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7 Tips on How to Avoid Holiday Weight Gain after Having Lost Weight

Tim Boyer's picture
Holiday weight gain

Avoiding holiday weight gain is almost as an impossible of a task as avoiding unpleasant relatives during the holiday season. However, unlike your relatives, you can choose your foods and snacks. To empower your choices this holiday season, the Calorie Control Council offers these 7 tips on how to avoid holiday weight gain in 2011.

Weight gain while on a diet is especially problematic during the holidays: Multiple dinner parties, office parties and kids’ parties, as well as gifts of chocolate, cakes, cookies and pastries - it’s like the World is against any notion of you losing just a few more pounds before the New Year.

However, maybe the notion of losing those few more pounds during the holidays is as crazy as the notion of not sticking with your diet. Perhaps a more realistic notion is to maintain the weight loss you have achieved thus far until the holiday food madness has passed. In other words, don’t give up on your diet and binge in surrender; rather, maintain your weight loss victories by making sure that you do not regain the lost weight.

According to Beth Hubrich, a registered dietitian with the Calorie Control Council, “By making simple substitutions, being physically active and eating smarter, you can enjoy the holidays without weight gain. The trick is to budget calories, keep portion sizes in check and remember that fruits and vegetables can fill you up without extra calories."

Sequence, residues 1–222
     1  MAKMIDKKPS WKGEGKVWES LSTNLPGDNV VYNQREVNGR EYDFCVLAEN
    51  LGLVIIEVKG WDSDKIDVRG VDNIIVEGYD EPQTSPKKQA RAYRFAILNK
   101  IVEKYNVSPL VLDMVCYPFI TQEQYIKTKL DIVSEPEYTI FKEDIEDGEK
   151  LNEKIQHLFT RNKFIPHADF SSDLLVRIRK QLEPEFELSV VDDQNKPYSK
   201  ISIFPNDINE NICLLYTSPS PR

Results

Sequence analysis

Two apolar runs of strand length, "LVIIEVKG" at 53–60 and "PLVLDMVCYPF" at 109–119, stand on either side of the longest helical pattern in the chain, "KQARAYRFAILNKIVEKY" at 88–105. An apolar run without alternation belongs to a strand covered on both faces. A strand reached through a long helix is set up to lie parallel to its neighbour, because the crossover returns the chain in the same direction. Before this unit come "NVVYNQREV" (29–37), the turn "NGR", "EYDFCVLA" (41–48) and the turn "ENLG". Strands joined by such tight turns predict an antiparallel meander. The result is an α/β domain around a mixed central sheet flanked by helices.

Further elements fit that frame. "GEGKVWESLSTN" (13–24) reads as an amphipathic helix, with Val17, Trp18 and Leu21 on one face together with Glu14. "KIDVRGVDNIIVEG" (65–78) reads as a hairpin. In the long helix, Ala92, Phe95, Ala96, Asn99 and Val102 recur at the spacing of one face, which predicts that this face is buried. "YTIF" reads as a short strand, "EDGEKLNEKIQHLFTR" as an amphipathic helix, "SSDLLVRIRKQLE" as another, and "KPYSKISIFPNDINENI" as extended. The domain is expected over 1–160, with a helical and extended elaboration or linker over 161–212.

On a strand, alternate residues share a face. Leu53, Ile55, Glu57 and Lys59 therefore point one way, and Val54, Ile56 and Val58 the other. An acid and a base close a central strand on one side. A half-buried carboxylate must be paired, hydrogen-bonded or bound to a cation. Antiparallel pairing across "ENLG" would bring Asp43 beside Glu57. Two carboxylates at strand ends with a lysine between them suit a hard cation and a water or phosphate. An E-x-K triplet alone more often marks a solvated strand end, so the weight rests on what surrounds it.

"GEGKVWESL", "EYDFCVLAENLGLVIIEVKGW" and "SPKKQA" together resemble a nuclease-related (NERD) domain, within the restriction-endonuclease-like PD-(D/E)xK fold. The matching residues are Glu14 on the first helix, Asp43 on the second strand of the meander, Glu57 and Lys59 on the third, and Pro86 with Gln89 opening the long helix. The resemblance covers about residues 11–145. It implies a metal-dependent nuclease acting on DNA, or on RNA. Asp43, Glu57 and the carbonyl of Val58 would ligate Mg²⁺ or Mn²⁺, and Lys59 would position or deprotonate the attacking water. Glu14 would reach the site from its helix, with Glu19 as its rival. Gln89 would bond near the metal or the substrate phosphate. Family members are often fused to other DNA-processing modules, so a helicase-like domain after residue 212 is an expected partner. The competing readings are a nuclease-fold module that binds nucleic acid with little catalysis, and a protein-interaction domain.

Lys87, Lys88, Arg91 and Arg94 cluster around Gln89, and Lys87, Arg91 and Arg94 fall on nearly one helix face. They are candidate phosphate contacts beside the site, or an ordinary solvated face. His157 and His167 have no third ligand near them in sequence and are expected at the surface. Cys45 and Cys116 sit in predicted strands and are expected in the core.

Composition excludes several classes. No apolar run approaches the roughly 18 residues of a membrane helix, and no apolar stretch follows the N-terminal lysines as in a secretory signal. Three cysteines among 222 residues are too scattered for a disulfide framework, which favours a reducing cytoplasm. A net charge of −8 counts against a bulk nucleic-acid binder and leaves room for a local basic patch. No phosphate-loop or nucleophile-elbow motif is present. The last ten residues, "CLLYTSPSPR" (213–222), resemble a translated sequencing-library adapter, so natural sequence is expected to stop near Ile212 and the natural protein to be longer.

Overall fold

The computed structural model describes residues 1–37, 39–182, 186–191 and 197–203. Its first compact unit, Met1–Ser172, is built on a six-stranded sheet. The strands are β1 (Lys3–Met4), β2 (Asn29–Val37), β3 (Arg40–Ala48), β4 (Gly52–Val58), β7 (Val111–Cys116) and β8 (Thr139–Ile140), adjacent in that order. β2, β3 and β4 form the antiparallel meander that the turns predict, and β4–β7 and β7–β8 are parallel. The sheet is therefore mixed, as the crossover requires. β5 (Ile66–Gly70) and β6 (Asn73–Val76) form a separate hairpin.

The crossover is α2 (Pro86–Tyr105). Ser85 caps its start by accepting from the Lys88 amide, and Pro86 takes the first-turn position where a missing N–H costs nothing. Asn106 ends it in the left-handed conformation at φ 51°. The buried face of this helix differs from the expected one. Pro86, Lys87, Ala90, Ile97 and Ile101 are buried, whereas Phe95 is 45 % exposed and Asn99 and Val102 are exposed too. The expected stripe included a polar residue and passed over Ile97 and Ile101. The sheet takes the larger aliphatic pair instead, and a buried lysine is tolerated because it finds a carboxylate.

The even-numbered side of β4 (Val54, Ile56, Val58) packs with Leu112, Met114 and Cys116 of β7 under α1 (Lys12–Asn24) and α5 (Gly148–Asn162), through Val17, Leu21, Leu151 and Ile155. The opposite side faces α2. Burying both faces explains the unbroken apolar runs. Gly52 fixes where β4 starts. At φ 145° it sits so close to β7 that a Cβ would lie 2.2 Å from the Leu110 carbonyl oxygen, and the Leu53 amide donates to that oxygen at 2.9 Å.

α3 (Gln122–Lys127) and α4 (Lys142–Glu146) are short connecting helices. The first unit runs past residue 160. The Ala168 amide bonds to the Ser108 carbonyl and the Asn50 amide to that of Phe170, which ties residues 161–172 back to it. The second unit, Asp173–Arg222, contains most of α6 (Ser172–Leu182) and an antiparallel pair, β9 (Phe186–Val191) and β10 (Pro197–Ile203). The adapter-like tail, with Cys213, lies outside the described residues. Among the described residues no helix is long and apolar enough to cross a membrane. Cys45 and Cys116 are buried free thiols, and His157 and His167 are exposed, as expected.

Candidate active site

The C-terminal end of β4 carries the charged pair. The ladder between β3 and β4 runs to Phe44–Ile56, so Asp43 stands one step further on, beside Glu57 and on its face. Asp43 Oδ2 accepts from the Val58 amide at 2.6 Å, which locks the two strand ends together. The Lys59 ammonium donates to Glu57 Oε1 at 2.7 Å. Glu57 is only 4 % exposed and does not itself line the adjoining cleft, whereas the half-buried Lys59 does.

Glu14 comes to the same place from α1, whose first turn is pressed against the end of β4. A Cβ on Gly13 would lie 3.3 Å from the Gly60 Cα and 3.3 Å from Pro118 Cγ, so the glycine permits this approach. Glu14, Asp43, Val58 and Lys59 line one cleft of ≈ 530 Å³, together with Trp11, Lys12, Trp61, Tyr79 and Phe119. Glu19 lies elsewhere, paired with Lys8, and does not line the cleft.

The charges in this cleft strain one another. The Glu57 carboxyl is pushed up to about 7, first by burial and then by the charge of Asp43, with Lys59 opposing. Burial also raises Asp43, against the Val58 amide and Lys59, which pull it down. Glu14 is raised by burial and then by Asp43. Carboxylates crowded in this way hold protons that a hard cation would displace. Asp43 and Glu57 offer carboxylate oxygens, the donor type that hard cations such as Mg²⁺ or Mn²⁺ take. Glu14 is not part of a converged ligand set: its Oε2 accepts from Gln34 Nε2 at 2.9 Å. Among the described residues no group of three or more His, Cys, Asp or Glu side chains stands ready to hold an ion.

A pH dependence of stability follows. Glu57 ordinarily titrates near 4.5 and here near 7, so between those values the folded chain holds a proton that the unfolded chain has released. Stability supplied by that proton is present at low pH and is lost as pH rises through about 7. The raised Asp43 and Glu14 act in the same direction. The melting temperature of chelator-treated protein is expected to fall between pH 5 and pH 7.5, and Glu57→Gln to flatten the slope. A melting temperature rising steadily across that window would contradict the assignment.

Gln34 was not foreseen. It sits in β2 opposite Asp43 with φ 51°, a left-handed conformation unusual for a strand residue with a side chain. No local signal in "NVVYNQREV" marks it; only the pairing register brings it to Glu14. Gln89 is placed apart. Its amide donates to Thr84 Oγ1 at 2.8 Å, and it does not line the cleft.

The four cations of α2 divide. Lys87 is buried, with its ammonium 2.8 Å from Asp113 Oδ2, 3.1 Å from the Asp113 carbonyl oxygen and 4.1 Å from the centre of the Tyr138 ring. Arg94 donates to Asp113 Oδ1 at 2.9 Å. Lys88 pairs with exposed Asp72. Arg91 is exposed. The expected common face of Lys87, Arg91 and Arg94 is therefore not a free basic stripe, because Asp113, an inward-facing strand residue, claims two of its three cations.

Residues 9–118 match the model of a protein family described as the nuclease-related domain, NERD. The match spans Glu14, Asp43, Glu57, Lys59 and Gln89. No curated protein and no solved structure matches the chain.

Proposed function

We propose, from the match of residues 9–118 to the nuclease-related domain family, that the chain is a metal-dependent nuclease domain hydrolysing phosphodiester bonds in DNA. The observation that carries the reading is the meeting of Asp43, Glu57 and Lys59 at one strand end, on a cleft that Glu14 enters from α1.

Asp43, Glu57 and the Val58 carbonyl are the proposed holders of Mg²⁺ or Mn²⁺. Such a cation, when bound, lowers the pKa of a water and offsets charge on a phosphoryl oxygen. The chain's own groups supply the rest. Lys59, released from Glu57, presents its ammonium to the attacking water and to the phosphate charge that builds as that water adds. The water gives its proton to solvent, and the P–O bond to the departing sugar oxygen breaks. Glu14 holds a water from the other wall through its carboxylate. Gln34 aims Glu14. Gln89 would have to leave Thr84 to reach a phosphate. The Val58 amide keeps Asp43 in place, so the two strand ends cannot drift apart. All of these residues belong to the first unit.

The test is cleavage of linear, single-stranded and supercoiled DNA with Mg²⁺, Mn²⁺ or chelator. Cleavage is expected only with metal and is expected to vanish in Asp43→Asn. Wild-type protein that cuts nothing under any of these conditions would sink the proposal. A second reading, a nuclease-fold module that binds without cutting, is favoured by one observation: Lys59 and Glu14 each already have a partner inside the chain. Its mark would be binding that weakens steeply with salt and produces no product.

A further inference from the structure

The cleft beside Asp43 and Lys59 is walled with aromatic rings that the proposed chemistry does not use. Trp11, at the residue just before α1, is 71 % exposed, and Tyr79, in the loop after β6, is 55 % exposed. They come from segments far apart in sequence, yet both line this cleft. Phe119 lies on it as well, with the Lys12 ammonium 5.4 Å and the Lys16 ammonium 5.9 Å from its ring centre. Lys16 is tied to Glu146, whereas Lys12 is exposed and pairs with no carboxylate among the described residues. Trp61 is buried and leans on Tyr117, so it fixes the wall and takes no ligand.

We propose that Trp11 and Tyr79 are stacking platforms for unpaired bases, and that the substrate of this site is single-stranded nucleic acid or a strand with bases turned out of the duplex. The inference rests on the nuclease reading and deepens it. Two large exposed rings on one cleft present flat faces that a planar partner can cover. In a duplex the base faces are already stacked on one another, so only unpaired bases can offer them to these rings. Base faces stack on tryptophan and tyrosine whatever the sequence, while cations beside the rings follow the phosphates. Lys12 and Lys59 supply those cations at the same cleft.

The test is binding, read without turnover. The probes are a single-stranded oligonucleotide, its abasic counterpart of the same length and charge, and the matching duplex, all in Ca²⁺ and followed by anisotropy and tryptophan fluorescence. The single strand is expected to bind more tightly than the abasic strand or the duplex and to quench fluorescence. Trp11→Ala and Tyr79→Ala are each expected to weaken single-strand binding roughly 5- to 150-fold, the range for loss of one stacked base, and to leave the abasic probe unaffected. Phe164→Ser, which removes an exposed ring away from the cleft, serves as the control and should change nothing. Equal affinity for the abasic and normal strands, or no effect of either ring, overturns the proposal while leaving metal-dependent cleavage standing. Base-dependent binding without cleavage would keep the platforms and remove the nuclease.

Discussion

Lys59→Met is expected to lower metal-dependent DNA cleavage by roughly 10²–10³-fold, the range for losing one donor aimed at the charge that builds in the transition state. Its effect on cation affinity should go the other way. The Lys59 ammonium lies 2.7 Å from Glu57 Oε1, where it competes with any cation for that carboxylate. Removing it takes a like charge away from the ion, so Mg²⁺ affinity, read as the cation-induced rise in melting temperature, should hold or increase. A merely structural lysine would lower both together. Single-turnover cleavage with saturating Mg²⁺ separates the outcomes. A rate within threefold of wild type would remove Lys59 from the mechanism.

The Calorie Control Council recommends the following 7 tips on how to avoid holiday weight gain:

1. Exercise: There are a number of ways to be active including keeping track of steps per day with holiday shopping, ice skating, playing active video games, decorating, lawn work, and house cleaning. Exercise not only burns calories but also releases endorphins that help reduce stress and keep people in good spirits.

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2. Fuel Up before Heading Out: Try to have a healthy snack before leaving the house—whether going shopping or to dinner. Never go anywhere famished—it can lead to overindulgence and diet derailing.

3. Portion Control: Save calories by choosing a smaller plate and taking a tablespoon or less of each holiday dish. Think of it like free samples - try one of each without going overboard. Desserts can even be served sample sized.

4. Classics with Fewer Calories: Find and fix lower-calorie versions of your favorite dishes, desserts and beverages. Create healthier versions of holiday favorites by using skim milk instead of whole milk, applesauce in place of oil, or a sugar substitute in place of the sugar in a recipe. To thicken a liquid without adding fat, use one of the following: flour, cornstarch, potato flakes, yogurt or non-fat evaporated milk. Just by using zero-calorie sweeteners and lower-calorie ingredients, you can enjoy delicious food without feeling guilty.

5. Socialize Away from Food: So often people find themselves socially snacking before and after meals. Try to strike up a conversation where food is out of sight. If there is a bountiful buffet, take a survey first. Skip foods that can be had “anytime” and opt for small portions of favorite holiday foods. Make the first trip to the buffet also the last.

6. Lighten up Leftovers: Skip the turkey sandwich with bread and gravy and instead go for turkey with leftover veggies. There are even salads, soups and other dishes that can be made with leftovers that are lighter on calories and help avoid holiday food burnout.

7. The Buddy System: Don’t wait until New Year’s to make resolutions with a buddy—find a friend or family member before the holidays to exercise with and compare healthy eating notes with every day. A little competition can help both stay focused on their goals.

Reference and image source: Calorie Control Council